Apr 052018
 

Kiaora Tolmie recieving the CCG Poster PrizeThe 2018 Meeting of the British Crystallographic Association was held at Warwick University where Chem. Cryst. was well represented.  The meeting started with the Young Crystallographers Satellite meeting, during which Lewis Morgan’s oral presentation was so “eggsellent” that he won the Industrial Group Prize for the best talk, and with it, the dubious honour of presenting it again as a plenary in the main meeting.

At the conference dinner Kiaora Tolmie received a CCG CrystEngComm poster prize for her poster on hard-to-crystallize materials, and James Bird was awarded the YCG I’m-a-scientist-get-me-out-of here prize for the poster presenter who most clearly and enthusiastically communicated their results.

Congratulations to all three winners!

 

Lewis Morgan delivering his prize-winning presentation at the BCA Spring Meeting 2018

Lewis Morgan delivering his prize-winning presentation

 

A full list of the presentations from Chem. Cryst.:

George A. Sackman & Richard I. Cooper
Distinguishing Disorder: A Molecular Dynamics Approach (Poster Presentation)

Kiaora L. M. Tolmie & Richard I. Cooper
Structure Determination of Hard-to-Crystallize Materials (Poster Presentation)

Lewis C. F. Morgan, Jack N. Blandy, Claire A. Murray, Kirsten E. Christensen & Amber L. Thompson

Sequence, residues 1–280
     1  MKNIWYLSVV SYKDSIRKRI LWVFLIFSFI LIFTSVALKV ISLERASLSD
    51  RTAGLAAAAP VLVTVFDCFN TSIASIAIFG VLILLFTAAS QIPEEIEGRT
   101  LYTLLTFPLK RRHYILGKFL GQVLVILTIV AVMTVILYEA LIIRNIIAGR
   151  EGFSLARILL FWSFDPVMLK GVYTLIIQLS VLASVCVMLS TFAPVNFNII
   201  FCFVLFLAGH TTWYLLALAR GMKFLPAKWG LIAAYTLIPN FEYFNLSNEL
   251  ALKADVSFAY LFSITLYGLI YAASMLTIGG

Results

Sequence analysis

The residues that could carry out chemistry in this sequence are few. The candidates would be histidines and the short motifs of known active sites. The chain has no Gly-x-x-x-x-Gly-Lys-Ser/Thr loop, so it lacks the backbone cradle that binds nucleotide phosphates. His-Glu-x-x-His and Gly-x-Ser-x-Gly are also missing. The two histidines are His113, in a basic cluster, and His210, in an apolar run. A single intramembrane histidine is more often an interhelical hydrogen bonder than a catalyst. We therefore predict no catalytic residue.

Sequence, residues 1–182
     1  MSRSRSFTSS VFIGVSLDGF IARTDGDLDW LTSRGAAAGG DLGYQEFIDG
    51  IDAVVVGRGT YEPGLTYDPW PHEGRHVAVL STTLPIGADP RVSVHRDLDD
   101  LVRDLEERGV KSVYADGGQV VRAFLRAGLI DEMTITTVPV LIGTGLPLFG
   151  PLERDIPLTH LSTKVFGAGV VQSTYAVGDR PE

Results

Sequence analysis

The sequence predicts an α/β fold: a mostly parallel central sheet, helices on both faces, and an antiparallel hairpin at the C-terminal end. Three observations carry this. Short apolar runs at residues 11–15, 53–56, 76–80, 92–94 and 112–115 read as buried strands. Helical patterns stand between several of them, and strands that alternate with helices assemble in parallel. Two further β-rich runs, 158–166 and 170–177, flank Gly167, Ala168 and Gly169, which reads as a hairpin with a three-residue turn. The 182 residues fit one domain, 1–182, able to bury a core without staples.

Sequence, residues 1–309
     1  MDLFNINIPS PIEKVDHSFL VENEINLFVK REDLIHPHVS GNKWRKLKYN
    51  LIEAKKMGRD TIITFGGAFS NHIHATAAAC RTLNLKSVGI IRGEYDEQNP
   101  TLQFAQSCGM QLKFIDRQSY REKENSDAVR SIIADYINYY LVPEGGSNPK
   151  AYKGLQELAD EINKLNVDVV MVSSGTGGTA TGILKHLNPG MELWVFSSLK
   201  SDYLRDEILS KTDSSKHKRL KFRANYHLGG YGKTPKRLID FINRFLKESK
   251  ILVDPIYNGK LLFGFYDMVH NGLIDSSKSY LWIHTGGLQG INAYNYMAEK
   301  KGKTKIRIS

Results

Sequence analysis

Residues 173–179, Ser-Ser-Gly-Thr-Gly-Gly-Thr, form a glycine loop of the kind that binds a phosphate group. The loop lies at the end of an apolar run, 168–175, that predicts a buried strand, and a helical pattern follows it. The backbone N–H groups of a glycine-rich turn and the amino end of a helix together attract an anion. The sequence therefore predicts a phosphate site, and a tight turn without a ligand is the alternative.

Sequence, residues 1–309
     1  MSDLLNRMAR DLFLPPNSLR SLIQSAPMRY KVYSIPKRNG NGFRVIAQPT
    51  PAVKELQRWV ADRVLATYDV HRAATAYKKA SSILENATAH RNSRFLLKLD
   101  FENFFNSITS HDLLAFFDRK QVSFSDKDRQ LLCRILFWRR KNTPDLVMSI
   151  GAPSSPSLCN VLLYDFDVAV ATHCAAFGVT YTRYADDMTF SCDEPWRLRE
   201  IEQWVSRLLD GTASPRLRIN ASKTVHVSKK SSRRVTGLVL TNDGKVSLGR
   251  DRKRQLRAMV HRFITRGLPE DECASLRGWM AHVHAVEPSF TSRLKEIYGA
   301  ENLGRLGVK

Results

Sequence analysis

Improving Our Understanding of Modulation in Molecular Materials (Poster & Oral Presentation)

James M. Bird & Richard I. Cooper
A Comparison of Molecular Dynamics Techniques for Simulation of Thermal Disorder in Molecular Crystals (Poster Presentation)

Oliver J. A. Bar & Richard I. Cooper
A Study of Phase Transitions in Organic and Metal-organic Inclusion Complexes through Molecular Dynamics Simulation (Poster Presentation)

Richard I. Cooper
CrysPy: CRYSTALS in Python (Poster Presentation)

Amber L. Thompson
When are Bad Data Good Data? (Keynote Oral Presentation)

Oct 302014
 

Crystal Growth & Design (2014). 14 (12), 6294–6301. [ doi:10.1021/cg500983s ]

ratchetInvestigations into the phase transition of Barluenga’s reagent revealed a transient incommensurately modulated phase. To understand the origin of the modulated phase and the chemistry that can affect it, analogues of Barluenga’s reagent were synthesized and studied. In this context, the halogen and anion can easily be exchanged. Studying different analogues led to the development of the Ratchet Model to describe the behavior in the solid state leading to a better understanding of modulation in this class of molecular crystal structure.

Publisher’s copy

 

Oct 072011
 

Photo of Kirsten ChristensenKirsten’s research is focused on several areas that will establish a fundamental understanding of modulation in molecular materials e.g. their formation and properties. This knowledge can be put to immediate use in Crystal Engineering, and will also affect research in pharmaceuticals, developments in molecular modelling and crystal packing predictions.

See Kirsten’s Departmental web-page for further information.